The First Virtual Reality Theme Park Will Blow Your Mind

The First Virtual Reality Theme Park Will Blow Your Mind

Strap yourself to the seat, put on your head-mounted display and get ready to fly through a virtual city in a weaponized fighter jet. This is the world's first virtual reality theme park, where you're the main character in scarily lifelike adventure simulations.

A gaming startup company called the VOID, announced plans to open its first "virtual entertainment center" in Salt Lake City in early 2016. 

How does it work exactly? If you've heard anything about the Oculus Rift, a virtual reality headset for gaming and other video simulations, the VOID is the next logical step: entire buildings corresponding to a video game world. Players move through an alien landscape while firing guns or slaying dragons.

"We are fulfilling a promise of what a virtual reality experience can and should be," Ken Bretschneider, the VOID's CEO and cofounder, said in a statement, according to the Salt Lake City Tribune. "Until now, we have only seen experiences like the VOID portrayed in science-fiction films and novels."

Players enter different gaming "pods," or rooms designed around different games, wearing a vest and a head-mounted display called "Rapture." With the display on, players enter the game in 3-D, where they'll experience simulated "changes in elevation, vibrations, heat and cold sensations, moisture, and simulated liquids and smells," according to the Tribune. The vests use "haptic feedback" — the same technology used by the Apple Watch to vibrate or tap when it receives messages or GPS directions — to provide sound and sensation.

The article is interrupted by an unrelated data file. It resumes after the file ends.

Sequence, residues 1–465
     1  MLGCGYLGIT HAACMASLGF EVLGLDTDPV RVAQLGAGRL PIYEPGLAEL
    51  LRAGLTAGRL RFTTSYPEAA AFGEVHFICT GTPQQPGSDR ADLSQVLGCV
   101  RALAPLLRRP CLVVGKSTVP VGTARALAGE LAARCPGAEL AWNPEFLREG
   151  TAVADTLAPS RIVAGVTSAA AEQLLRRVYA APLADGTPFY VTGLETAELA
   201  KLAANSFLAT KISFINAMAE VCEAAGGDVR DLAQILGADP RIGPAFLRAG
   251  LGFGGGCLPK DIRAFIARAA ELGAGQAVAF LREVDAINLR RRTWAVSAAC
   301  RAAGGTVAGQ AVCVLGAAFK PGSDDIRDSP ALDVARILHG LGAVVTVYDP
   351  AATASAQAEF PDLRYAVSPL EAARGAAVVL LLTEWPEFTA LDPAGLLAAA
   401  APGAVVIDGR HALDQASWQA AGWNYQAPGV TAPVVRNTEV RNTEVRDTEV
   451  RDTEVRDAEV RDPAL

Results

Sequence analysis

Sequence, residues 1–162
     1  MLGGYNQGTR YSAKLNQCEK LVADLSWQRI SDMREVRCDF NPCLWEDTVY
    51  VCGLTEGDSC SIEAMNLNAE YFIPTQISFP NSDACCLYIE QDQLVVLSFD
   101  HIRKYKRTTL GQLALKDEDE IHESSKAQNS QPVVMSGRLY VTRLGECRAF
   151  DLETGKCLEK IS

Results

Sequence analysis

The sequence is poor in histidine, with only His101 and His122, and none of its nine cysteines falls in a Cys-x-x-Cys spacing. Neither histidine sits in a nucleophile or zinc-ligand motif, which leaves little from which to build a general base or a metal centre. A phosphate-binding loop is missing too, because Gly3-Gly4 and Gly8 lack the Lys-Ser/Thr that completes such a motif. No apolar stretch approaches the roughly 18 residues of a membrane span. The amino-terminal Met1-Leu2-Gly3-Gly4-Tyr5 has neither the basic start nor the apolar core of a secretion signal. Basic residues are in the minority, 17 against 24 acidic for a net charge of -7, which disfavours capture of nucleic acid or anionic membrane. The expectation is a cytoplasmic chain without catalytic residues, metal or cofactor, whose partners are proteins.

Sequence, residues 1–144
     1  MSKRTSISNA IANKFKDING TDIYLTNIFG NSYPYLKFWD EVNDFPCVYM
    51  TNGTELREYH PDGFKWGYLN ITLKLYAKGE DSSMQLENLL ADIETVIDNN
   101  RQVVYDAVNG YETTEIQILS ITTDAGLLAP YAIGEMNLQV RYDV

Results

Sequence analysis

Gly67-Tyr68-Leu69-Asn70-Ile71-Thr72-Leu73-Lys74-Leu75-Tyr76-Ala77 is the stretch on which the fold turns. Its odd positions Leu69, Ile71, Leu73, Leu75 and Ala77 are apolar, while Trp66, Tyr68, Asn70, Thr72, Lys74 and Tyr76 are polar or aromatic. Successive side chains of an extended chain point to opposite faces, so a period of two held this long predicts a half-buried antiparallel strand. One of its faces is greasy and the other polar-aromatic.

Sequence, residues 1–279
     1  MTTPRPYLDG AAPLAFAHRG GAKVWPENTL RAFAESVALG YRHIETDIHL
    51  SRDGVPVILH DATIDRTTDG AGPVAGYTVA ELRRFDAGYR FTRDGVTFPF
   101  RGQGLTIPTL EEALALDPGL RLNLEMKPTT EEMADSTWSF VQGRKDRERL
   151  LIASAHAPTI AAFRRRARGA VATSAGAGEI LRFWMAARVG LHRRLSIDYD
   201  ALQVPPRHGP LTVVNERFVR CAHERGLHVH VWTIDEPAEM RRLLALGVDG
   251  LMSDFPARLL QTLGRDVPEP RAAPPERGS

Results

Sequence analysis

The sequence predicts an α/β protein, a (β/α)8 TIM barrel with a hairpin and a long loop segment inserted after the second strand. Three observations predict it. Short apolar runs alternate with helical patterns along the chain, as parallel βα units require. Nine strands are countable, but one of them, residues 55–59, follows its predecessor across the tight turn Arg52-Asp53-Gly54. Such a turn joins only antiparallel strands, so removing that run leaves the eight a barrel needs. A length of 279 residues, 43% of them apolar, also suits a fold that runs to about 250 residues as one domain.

The preview video makes the concept seem unfeasibly advanced, considering the Oculus Rift won't even be released until 2016

The implications of the system go beyond heart-racing video game action. The VOID could be used to train military and law enforcement in a renewable and constantly changing environment, with variables — hostages, bystanders, amount of antagonists — constantly changing. Nintendo Wii and Xbox Kinect technology could be used in similar ways

Jason Mudrock, SWAT sergeant at Unified Police Department in Salt Lake City, tested the technology for its real-world training possibilities. "The VOID's technology was able to envelop me in a 3-dimensional environment that allowed me to move and interact with the environment all while experiencing stimuli to all five senses," he said in a review on the company's website. "This is the future of military and law enforcement training tools."

Fortunately, you won't need to make Utah-bound travel plans if you want to try it out. The VOID plans to open in major cities around the United States.

Watch the full video here: